Tuesday, July 6, 2010

Say You're One Of Them by: Uwem Akpan

It's hard to give a synopsis for short story collections, so I'm just going to go through each story, give a brief background on it, and say what I did and didn't like.

The first story of the collection is "An Ex-mas Feast" which is about an eight year old boy (the narrator) whose sister starts working the streets to pay to fund his schooling and such. I think it was a good way to open the story, because it eases the reader into the cultural differences better than any of the other stories might have. It's definitely a touchy subject, seeing as how his twelve-year-old sister is prostituting herself to take care of the family and her brother, but it's not as graphic or mind jarring as the rest of the collection is. The story was okay. A good opener but not my favorite.

"Fattening For Gabon" is the next in line. It's a novella that just seems to go on forever. There were so many times I just wanted to quit reading it, but I made it to the end. (I saved the novellas for last, which was a good thing.) The writing was dry, the whole story seemed to drag, and the ending was kind of anti-climatic for me. The main subject was about an uncle trying to save his niece and nephew from slavery, which is a horrible, very powerful subject, but I just didn't enjoy the story. The chopped language really broke me from the flow of the story all the time. I understood the French, but the other language just went completely over my head, and it's used throughout the collection, so I was constantly being pulled from the story, trying to figure out what it might mean. I really wanted to like the story, but it was probably the one I disliked the most.

"What Language Is This?" followed, and this one was a short story about two friends (one of them being "you") who are told they can't be friends anymore because one is Christian and one is Muslim, and these two religious groups got into it and just were completely at war with each other. It was a good story, I really liked it. I liked seeing these two young friends trying to understand what was happening to them, it was really realistic and offered an interesting point of view. It was another story that used the POV of "you" well.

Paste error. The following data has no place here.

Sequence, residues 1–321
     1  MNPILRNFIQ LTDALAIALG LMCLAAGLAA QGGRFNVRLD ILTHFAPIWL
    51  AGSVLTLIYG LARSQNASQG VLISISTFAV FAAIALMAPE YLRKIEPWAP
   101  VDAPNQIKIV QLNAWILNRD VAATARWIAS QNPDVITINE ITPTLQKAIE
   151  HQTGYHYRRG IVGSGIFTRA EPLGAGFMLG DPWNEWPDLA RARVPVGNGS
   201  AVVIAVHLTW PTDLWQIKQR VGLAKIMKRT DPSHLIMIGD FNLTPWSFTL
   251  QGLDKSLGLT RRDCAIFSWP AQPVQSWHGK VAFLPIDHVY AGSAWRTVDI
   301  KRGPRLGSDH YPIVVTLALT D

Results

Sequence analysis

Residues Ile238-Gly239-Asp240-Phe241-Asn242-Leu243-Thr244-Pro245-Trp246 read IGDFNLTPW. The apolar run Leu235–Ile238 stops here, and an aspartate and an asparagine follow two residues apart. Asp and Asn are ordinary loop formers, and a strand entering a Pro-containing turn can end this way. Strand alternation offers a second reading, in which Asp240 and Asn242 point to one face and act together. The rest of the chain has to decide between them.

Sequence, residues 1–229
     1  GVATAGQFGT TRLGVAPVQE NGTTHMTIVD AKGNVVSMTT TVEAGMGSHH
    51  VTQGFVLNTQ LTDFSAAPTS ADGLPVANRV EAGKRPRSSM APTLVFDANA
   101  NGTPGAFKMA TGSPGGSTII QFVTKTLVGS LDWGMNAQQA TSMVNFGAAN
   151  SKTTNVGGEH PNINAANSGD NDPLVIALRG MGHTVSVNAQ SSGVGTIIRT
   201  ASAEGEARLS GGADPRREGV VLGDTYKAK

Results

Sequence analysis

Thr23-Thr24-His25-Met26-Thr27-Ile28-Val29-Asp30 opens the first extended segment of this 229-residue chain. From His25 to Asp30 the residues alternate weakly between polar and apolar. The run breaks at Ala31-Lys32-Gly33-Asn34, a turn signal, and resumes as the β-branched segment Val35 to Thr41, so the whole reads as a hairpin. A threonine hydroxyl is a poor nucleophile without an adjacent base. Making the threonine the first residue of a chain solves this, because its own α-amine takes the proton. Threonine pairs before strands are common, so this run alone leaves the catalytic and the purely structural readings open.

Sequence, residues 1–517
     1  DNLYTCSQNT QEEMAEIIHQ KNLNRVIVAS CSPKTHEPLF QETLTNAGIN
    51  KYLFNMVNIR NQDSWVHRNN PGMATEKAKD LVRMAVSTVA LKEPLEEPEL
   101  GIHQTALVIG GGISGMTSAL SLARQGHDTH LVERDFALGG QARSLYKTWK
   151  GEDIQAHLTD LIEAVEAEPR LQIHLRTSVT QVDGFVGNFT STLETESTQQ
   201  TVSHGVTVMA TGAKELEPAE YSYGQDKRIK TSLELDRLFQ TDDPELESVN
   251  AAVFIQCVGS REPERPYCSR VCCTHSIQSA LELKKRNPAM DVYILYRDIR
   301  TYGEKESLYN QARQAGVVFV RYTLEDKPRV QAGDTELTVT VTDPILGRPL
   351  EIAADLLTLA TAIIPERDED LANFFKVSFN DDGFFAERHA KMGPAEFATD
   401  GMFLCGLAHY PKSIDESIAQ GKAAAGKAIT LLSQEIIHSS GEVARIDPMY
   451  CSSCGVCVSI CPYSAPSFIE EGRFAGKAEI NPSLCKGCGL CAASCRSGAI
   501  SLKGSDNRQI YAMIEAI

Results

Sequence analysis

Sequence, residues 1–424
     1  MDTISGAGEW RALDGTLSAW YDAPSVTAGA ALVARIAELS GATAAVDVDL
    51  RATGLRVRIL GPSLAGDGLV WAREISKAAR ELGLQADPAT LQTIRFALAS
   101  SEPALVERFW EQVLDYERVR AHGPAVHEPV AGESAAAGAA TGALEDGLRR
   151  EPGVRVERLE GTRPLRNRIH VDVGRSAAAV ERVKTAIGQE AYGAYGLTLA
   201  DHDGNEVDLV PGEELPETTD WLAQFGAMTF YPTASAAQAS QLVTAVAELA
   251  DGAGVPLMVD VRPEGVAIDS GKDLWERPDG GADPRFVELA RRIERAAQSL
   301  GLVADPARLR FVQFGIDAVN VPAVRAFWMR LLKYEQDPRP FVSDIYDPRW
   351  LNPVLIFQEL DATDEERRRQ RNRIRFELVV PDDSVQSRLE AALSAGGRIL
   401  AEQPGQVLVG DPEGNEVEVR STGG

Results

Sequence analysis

"Luxurious Hearses" is another novella about a sixteen-year-old boy named Jubril who is traveling from North Nigeria to South Nigeria because of the religious conflict between Muslims and Christians (he's both). It also dragged in times, and I felt some of it was confusing and just went right over my head at first. I'd have to put the book down and ponder it or reread the passage to get it. I liked the main story line of this boy trying to figure out who he is in this really huge, horrible war of sorts going on. There was a lot of violence in the novel and it's culturally jarring. I liked that about the story, it really immersed me in this different culture.  But it had dry writing, too, and had the confusing language that sometimes pulled me from the story. But it was easier for me to read than "Fattening For Gabon."

The last story in the collection is "My Parents' Bedroom." I think that story was the most emotional of the pieces. I read it and was just shocked at what was happening. It was my favorite of the collection, I really liked it. Definitely violent, so not for the light of heart. But it definitely helps the reader see just exactly what some of these people went through and how very horrible it was. And I think it was the best style wise.

So, overall, this collection disappointed me a bit more than the others I checked out. Sometimes it was hard for me to relate to the characters, which wasn't the case in the other two collections I read. And Akpan's writing definitely doesn't flow as well as theirs does. I just don't think the collection had the heart like the others did. It was more techincal, very distant. It was like seeing these horrible things on the news and not being directly immersed in them. Which, he's from Nigeria so I can understand why he might distance himself a bit, because I don't know what he saw or went through.  But I think "My Parents' Bedroom" was a gem of a story and worth reading.

My Rating: 5/10

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